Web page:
- Contributed by
- People in story:
- John Hulse
- Location of story:
- Larkhill, Salisbury Plain
- Background to story:
- Article ID:
- Contributed on:
- 15 May 2005
This story was submitted to the People's War site by Steven Turner a Peoples War Story gatherer with the BBC Radio Cambridgeshire Action Desk. It was submitted at Duxford Museum during their VE celebrations on behalf of John Hulse and has been added to the site with his permission.He fully understands the site's terms and conditions.
"Some people say they were on active service during WW2 but I think I was on inactive! I was medically classified as A2 unfit for service and amongst things I was a store man in a signals store for some of the war, at Larkhill on Salisbury Plain. We used to say that “God made the world in six days and on the seventh he thought of Larkhill!”
When I registered for service I had had an operation for Peritonitis, I didn’t tell anyone. When I had my medical the medical officer passed me as an A2. I had problems with my eyesight anyway. The M.O took no notice of the scar left from my operation. Three weeks later he appeared again and we were asked to parade, chests bare. He saw the scar and asked what grade I was; “What bloody fool passed you as A2?” He asked. “You did Sir”; I replied!
I was the instigator of Operation Portals, which stands for “Presenting Old Railway Tickets at London and Salisbury”. A group of us worked out that we could go to Salisbury Station and buy a ticket to Amesbury or Andover and on the train we’d queue up for a handwriting expert who’d alter the Amesbury to Aylesbury and Andover to Wendover. It took a few months before the Railway got wise to it. We must’ve saved the railway thousands in collecting tickets!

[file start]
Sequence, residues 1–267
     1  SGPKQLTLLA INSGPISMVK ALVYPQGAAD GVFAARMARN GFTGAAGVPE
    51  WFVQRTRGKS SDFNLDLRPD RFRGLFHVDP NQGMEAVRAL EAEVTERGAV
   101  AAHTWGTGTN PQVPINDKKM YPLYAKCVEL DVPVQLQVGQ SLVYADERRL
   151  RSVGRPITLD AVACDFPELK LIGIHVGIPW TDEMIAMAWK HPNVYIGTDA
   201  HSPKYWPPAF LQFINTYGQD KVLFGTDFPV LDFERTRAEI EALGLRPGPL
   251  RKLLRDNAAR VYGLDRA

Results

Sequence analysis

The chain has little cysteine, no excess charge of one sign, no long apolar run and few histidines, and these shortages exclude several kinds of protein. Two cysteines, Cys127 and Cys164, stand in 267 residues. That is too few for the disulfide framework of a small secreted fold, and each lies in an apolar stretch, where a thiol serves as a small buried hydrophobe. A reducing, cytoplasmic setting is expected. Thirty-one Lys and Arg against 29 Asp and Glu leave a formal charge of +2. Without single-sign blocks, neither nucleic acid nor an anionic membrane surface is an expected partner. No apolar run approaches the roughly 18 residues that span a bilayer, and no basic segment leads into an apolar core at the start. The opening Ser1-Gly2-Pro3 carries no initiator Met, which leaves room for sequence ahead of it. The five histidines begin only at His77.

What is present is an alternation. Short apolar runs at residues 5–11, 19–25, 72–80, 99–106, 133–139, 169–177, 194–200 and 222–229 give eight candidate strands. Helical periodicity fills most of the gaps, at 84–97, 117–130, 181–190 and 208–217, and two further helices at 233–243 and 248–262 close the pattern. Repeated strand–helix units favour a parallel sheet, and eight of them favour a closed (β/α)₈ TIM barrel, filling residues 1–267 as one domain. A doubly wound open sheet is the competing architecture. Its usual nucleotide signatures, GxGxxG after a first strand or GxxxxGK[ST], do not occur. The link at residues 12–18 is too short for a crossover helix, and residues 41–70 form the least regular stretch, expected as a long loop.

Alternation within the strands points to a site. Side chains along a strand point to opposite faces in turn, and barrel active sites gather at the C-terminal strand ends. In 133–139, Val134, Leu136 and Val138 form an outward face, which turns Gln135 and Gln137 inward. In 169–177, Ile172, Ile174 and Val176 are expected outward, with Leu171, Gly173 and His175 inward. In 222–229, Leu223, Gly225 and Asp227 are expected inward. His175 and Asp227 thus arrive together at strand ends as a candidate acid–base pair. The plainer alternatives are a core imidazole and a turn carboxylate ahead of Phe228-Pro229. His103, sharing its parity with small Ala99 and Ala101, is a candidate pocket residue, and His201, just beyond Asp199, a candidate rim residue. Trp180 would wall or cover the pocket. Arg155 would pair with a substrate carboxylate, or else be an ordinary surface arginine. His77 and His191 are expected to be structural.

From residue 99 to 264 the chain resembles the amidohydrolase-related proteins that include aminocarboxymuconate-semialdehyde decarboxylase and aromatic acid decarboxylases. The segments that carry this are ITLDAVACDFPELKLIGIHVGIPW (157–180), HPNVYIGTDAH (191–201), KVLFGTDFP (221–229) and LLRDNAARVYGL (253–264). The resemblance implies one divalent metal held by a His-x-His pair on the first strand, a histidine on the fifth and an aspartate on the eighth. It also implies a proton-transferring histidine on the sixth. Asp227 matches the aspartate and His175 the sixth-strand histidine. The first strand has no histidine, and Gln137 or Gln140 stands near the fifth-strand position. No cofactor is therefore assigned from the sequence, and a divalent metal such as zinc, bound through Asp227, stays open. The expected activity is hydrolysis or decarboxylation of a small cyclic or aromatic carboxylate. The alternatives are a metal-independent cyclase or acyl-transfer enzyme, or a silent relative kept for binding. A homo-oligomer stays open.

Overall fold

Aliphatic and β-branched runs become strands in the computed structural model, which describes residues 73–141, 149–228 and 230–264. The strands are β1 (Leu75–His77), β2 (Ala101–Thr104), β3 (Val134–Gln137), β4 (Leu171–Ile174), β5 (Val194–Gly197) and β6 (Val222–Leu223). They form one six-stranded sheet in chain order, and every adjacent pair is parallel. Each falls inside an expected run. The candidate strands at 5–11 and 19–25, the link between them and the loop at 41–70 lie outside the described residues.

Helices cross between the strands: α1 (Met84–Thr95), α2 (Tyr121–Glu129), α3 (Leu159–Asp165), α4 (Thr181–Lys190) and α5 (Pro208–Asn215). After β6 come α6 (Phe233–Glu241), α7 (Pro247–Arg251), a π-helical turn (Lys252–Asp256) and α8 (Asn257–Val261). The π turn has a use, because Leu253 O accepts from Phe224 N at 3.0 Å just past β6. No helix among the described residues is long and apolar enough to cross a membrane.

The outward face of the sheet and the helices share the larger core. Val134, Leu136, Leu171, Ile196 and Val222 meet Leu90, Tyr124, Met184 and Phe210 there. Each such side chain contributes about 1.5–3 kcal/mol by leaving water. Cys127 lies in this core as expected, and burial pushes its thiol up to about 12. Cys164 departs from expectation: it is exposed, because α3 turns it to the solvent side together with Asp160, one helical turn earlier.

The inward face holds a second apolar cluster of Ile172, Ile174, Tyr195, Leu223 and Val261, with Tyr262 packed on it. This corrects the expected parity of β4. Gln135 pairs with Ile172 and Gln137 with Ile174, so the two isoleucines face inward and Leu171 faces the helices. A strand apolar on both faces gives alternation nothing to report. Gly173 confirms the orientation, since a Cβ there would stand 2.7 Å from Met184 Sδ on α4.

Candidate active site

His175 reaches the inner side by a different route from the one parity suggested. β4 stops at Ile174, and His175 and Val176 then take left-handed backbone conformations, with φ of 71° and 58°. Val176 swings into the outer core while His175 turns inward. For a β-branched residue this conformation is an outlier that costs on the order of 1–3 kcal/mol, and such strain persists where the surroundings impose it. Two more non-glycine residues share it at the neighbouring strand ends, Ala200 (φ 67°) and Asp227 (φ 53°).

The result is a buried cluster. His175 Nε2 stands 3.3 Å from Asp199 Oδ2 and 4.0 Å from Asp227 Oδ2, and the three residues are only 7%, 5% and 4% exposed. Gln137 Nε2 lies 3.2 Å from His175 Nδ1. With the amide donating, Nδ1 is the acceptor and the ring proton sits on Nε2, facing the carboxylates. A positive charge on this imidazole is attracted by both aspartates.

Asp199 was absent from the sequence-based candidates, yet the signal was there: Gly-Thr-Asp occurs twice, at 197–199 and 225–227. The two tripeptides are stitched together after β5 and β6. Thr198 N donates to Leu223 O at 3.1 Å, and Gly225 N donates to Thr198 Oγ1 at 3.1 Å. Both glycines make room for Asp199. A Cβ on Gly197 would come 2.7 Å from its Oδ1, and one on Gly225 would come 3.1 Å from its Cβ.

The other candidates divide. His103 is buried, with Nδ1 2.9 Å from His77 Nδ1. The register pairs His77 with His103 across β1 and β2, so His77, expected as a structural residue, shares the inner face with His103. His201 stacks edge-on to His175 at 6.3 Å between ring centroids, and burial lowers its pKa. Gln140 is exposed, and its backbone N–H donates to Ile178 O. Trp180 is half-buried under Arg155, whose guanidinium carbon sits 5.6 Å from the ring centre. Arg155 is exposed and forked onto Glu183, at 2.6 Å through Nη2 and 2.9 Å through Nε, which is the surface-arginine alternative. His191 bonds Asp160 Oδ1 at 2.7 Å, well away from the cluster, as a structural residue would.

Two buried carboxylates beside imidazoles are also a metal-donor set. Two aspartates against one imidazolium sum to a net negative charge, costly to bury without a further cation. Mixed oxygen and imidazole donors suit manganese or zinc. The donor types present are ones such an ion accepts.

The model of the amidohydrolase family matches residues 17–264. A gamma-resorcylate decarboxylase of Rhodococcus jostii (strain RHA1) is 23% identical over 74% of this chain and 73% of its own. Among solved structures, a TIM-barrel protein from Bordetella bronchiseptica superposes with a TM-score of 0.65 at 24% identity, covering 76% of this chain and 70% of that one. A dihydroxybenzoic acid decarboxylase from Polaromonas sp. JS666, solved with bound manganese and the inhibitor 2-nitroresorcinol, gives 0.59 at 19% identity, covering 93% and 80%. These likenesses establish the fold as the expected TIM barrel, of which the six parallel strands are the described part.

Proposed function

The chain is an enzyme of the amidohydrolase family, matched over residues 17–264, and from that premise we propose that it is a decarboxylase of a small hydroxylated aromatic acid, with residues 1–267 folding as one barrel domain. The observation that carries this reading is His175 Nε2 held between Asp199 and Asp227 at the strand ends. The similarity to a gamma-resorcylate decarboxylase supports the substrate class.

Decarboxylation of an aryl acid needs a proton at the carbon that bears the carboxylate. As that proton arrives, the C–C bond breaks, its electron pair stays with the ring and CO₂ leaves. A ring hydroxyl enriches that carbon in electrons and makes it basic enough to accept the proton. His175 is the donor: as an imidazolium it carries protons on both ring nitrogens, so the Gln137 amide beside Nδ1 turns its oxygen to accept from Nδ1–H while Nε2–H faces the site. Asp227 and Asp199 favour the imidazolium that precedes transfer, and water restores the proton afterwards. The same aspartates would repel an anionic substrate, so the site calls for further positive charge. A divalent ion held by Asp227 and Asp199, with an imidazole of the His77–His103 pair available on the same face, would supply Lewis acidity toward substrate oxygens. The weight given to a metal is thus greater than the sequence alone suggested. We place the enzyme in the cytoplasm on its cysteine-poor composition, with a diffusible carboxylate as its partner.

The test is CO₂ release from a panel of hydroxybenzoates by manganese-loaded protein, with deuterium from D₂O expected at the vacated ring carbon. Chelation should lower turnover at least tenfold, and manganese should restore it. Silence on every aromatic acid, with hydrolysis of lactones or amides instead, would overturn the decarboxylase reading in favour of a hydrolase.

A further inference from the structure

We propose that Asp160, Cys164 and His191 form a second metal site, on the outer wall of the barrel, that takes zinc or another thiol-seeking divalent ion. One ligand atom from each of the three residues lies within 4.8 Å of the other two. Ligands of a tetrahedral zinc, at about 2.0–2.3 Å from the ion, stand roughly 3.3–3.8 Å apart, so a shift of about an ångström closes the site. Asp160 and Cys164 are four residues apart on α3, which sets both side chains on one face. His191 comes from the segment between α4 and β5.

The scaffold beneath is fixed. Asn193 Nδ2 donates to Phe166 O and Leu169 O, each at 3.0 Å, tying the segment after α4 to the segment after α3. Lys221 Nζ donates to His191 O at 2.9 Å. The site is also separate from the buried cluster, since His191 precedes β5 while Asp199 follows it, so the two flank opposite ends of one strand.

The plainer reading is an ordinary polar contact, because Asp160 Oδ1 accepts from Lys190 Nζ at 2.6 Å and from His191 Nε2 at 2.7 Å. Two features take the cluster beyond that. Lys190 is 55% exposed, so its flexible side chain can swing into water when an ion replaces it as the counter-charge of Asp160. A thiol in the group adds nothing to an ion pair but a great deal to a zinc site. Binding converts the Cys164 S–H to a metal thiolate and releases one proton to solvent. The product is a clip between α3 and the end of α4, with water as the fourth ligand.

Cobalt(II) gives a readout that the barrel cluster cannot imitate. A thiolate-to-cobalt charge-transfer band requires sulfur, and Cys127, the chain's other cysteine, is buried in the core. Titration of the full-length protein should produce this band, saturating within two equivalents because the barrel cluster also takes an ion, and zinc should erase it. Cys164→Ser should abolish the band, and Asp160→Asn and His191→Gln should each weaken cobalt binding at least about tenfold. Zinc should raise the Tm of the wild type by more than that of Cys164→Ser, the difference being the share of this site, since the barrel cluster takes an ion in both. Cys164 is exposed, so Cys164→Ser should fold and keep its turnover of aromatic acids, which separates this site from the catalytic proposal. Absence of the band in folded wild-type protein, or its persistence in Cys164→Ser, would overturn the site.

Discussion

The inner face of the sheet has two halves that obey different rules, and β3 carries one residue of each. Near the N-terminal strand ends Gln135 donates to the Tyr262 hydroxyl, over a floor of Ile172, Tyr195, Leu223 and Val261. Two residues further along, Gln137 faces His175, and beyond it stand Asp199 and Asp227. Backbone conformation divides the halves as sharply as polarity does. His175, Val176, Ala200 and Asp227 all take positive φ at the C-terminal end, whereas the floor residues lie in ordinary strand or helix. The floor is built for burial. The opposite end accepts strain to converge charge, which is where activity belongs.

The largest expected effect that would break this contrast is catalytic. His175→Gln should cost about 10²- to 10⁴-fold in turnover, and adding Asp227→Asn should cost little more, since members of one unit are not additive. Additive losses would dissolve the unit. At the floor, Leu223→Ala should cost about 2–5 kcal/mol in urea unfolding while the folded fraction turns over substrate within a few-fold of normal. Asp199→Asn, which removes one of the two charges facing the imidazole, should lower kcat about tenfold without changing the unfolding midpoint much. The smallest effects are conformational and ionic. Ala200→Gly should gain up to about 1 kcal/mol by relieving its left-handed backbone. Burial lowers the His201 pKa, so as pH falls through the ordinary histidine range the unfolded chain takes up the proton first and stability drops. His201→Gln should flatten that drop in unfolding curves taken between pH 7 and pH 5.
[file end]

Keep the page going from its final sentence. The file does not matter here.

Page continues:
As well as being at Larkhill we were posted to a place near Dover for a while and our job was to use equipment to plot the shells the Germans were firing across the channel and hopefully find the location of their guns. One day several of us had been to the cinema in Folkestone to see “Holiday Inn”. Even now I’m not happy in a thunderstorm, because when we left the cinema these shells started landing! They did a bit of damage to the town.
We did a lot of experimental work. On one exercise we were asked to go out into a field and ring a bell so that the scientists could use their equipment to work out where the sound was coming from. They called it a “Radio Direction Bearing” or R.D.B. Afterward, when we were debriefed, the Colonel pointed to me and enquired “what does R.D.B stand for? I replied “Ring dem bells”, which didn’t go down too well!"
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